Obama: stand up for women's rights in Honduras
It would signal to the rest of Latin America that the U.S. is serious about democracy.
Fredericksburg, Va.; and Washington
Repercussions from this summer’s coup in Honduras are far from over.Skip to next paragraph
Subscribe Today to the Monitor
Continued political wrangling is bad enough for democracy there and across Latin America. What’s worse is that the international community, including the Obama administration, is ignoring the widespread abuses of human rights in the coup’s aftermath.
The brunt of these abuses is borne by the women of Honduras. So far, Washington has failed to come to their defense even as the women’s efforts to promote peace and democracy have been met with systematic repression.
Speaking out strongly and clearly against these abuses would improve Washington’s moral authority. It would also signal to the rest of Latin America that the administration is serious about reestablishing US credentials as a defender of people, not just of political expediency.
Democratically elected President Manuel Zelaya was abducted from his home in June by military officers and escorted to Costa Rica. Riots ensued, but Honduran citizens then mobilized in an unprecedented peaceful pro-democracy movement to protest the coup and demand a return to constitutional order.
US policymakers have been inconsistent in their reaction to the coup.
First they claimed to support democracy there. Then, in a blow to constitutional democracy, they decided to recognize the elections held Nov. 29. That recognition was despite no resolution of the underlying conflict and the coup leaders’ refusal to reinstate Mr. Zelaya – per an agreement brokered by the United States – prior to the elections. Zelaya is now hunkered down in the Brazilian Embassy in Honduras’s capital.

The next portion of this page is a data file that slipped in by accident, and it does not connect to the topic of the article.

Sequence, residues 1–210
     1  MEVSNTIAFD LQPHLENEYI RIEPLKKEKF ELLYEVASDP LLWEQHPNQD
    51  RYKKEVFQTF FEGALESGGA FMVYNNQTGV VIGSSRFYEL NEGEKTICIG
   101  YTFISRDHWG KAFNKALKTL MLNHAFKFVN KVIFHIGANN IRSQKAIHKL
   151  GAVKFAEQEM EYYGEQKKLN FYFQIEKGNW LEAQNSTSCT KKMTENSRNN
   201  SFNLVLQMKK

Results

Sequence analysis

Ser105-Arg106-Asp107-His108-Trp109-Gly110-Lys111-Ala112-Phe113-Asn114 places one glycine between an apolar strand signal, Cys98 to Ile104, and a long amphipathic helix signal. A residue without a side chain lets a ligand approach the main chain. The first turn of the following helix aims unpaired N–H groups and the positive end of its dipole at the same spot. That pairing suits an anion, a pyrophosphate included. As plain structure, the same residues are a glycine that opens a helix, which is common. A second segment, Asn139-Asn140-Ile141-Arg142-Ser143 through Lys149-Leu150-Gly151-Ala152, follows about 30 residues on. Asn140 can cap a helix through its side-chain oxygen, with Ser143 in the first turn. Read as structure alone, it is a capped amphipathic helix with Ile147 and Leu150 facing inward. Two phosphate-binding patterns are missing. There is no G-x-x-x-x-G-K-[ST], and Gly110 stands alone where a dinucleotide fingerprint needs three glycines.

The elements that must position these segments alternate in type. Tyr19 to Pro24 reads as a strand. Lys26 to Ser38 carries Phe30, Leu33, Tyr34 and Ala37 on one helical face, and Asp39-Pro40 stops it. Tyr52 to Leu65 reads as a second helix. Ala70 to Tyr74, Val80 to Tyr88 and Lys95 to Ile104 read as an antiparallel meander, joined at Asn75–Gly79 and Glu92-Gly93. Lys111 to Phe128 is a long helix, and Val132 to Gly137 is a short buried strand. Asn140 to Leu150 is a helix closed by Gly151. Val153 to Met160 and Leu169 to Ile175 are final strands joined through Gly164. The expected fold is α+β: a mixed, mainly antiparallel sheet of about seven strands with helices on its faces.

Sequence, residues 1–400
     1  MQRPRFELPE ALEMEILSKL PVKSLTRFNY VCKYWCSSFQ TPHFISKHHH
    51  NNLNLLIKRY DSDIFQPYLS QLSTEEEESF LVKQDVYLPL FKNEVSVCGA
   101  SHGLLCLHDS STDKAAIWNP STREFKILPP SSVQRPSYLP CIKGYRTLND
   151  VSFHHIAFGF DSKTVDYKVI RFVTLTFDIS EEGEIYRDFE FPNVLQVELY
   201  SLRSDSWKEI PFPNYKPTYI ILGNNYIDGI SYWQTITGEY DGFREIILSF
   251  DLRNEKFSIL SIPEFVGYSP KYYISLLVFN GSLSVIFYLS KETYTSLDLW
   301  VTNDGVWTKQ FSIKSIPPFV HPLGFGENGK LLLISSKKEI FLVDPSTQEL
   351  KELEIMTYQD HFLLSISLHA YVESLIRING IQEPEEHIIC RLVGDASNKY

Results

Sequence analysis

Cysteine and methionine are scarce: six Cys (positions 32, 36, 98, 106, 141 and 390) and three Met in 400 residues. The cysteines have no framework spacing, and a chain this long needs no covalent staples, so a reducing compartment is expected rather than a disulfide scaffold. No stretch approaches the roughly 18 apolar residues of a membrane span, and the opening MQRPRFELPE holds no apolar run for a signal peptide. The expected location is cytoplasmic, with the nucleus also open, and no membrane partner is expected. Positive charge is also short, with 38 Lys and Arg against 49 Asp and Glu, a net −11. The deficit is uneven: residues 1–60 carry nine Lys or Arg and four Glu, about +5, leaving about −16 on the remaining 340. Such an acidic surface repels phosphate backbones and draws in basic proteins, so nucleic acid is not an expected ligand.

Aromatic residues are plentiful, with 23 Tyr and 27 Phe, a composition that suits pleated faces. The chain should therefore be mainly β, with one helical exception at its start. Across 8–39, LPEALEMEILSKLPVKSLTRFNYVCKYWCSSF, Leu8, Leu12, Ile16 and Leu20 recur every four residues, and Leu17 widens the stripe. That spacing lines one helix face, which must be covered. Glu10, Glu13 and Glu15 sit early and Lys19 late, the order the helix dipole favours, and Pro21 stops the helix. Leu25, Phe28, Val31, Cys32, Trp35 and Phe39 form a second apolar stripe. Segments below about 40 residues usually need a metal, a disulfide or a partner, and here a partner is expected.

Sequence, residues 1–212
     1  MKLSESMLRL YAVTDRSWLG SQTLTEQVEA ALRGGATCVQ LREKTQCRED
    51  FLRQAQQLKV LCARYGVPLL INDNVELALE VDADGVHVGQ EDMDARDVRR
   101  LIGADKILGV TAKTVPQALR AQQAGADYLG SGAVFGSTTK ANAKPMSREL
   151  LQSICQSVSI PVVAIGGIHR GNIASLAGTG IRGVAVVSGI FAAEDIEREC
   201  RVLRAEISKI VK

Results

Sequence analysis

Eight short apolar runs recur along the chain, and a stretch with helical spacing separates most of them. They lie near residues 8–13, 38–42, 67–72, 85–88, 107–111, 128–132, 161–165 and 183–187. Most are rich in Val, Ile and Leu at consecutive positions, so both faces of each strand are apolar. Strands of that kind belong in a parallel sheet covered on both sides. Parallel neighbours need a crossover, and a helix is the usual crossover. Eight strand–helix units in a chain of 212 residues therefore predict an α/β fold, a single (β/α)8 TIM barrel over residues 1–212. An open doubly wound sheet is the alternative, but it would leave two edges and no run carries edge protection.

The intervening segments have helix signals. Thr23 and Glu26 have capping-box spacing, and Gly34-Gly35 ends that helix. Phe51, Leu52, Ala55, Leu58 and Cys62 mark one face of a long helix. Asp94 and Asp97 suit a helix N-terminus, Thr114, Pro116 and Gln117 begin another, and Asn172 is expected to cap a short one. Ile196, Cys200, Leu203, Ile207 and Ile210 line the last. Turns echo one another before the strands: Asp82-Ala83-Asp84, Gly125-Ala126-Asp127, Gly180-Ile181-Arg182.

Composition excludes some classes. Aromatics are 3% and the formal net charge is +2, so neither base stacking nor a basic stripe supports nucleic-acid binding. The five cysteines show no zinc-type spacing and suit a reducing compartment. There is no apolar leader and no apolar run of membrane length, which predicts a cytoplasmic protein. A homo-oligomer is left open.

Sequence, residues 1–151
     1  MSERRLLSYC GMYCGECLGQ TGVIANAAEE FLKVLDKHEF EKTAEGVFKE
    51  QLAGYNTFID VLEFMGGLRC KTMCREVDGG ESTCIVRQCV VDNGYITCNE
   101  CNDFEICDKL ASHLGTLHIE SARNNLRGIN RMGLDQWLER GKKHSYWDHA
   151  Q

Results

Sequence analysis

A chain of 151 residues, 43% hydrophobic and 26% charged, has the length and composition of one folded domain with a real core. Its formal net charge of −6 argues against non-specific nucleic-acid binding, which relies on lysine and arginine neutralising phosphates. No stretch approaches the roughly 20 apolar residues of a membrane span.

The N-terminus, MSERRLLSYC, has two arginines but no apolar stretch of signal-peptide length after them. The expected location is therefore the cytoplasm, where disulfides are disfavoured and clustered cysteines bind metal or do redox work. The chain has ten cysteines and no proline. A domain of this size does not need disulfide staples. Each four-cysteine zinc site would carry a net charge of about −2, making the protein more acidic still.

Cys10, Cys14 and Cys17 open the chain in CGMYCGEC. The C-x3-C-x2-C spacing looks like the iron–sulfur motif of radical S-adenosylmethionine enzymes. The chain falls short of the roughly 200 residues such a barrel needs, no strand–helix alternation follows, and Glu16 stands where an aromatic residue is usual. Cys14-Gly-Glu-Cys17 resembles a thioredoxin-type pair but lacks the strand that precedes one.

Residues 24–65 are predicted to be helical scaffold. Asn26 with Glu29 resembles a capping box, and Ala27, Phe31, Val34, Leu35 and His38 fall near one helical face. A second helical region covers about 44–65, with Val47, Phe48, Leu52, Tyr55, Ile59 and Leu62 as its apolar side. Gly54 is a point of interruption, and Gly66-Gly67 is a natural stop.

Meanwhile within Honduras, the independent presidential candidate and nearly 300 mayors and deputies withdrew their candidacies from the elections in protest.
Women leaders under fire
Women make up the majority of the vast resistance movement in Honduras, playing a critical leadership role in civil disobedience and citizen protection.
For their tireless and courageous support of democracy, they have received death threats and been attacked with nail-studded police batons, tear gas, and bullets. Detained by police or military for hours and even days without charges or access to legal counsel, women have been deprived of medicine, food, and water. At least two cases have resulted in death.
Lawless violence against women has pervaded Honduras since the coup. As of August, women’s groups in Honduras have documented 249 cases of violations of women’s human rights, including 23 cases of beatings and sexual assault and seven gang rapes by police explicitly trying to “punish” women for their involvement in demonstrations. The number of femicides – the violent murder of women because they are women – has tripled since the coup, with 51 cases reported during the month of July alone.
But these statistics do not tell the whole story. Since those responsible for investigating cases are often also the perpetrators, it’s not hard to understand why women are unwilling to come forward to report gender-related crimes against them.